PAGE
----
Arts & Events

The case for space

If you’ve seen How to Lose a Guy in Ten Days (RIP so many brain cells), you may remember Kate Hudson’s character buying a “relationship fern” in an attempt to drive a man to dump her.

Though that movie sucks, and  it revolves almost entirely around gender stereotypes, the writers may have been onto something.

Relationships, platonic or romantic, are sort of like living organisms. You have to tend to and maintain them. Some are short-lived connections with the life span of a goldfish, and some last to 50th anniversaries.

But the best thing we can take from the admittedly lame analogy of plants as relationships is that they need space. They need to breathe.

Now, we all know that couple who spends every waking, breathing moment together. And it works for them. They don’t appear to get sick of each other or sleeping in the same bed every single night; they are like Lily and Marshall from “How I Met Your Mother.”

It’s great, but it’s too much pressure to hold a baby relationship (purrhaps a kitten -stage relationship) to these standards. Everyone needs space.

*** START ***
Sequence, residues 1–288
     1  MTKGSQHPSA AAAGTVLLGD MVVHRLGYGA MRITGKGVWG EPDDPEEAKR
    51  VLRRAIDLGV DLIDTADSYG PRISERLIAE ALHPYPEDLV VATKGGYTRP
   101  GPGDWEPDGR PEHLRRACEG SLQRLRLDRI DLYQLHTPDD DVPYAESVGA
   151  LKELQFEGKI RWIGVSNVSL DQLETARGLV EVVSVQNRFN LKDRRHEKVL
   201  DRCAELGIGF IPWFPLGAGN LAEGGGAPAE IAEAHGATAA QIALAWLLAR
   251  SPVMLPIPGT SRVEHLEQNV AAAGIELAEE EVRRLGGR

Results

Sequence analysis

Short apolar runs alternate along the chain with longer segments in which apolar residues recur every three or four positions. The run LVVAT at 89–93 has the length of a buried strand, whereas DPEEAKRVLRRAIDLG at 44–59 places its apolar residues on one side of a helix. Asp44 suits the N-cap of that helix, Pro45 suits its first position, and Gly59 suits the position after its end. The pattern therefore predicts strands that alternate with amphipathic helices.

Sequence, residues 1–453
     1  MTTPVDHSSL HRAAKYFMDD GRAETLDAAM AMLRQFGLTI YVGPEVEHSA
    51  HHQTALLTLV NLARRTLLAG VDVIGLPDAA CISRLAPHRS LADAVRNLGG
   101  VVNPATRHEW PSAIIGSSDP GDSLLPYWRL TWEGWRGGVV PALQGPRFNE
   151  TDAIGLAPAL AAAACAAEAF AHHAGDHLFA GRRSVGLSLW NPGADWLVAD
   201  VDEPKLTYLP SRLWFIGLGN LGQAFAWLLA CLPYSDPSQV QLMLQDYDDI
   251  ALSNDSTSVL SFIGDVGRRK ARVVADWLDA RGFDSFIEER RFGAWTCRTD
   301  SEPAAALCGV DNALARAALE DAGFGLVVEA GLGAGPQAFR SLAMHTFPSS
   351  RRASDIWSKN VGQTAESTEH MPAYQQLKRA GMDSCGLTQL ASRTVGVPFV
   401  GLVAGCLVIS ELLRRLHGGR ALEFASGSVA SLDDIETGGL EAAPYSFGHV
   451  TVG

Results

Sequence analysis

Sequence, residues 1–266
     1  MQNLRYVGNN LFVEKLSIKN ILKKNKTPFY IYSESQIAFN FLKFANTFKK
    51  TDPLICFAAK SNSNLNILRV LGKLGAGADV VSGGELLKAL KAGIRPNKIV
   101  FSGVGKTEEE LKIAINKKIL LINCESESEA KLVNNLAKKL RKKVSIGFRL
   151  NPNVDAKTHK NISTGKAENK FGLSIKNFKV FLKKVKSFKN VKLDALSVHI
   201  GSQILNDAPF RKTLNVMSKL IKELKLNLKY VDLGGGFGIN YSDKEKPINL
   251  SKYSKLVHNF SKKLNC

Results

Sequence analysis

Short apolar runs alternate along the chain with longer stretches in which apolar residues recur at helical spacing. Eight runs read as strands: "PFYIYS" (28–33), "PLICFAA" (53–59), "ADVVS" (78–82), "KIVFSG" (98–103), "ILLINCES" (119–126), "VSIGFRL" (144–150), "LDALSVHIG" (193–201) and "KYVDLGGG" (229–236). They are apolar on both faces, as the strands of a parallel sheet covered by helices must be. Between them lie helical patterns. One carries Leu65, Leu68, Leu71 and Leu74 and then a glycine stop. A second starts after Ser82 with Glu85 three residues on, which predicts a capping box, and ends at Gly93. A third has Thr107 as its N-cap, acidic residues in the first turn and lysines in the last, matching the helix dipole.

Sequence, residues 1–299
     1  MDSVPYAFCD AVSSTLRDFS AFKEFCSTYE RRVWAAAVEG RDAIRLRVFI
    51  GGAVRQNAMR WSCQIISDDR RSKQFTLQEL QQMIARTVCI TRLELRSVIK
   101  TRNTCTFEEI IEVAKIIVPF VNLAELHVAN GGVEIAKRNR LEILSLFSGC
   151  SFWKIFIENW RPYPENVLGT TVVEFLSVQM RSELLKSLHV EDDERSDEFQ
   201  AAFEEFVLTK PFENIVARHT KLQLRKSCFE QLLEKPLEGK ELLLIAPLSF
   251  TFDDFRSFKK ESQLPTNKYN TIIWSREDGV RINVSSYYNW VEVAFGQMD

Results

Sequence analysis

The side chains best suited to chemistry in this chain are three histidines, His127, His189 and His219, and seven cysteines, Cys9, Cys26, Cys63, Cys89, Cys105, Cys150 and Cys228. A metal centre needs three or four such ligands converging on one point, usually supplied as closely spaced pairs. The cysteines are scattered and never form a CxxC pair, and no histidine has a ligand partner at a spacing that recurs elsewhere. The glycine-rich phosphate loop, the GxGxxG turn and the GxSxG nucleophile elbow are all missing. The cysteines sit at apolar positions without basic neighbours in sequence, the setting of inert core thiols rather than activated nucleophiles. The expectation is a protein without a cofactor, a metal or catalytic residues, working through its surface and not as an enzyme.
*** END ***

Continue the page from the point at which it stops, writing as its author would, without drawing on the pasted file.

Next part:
Not hanging out with your partner all the time doesn’t mean your relationship isn’t working or that you’re not trying hard enough. You have to remember that everyone is different.

Because everyone has differing personal space preferences, both physically and in term lifestyle, taking space apart from each other is a great thing. That way, when you do spend time together, it’s special.

For example, I want to hang out with my friends on the weekends and go out to parties with them. I need to have my own life and being in a relationship doesn’t change that.

Furthermore, I love being around my partner and cuddling, but there’s just nothing like sleeping in my own bed alone. I can steal all the covers and sleep diagonally across the bed.

After getting my heart stomped on, I figured out that only when I started appreciating being single could I be ready for a new relationship. This is the ideal mindset to starting a new relationship: with a clean palette and no voids to fill.

I once had a friend who was starting a new romance with a boy she ended up dating for years. She said she was afraid of relationships, and when pressed for elaboration, she thoughtfully said, “I don’t want lose myself.”

This is so important and applies to anyone, whether in a relationship or single. I have found it most productive to spend a lot of my life as a singleton, even when in a relationship. Treasure time alone and with friends.

In the end, your relationship  should complement your life, not take over or inhibit it.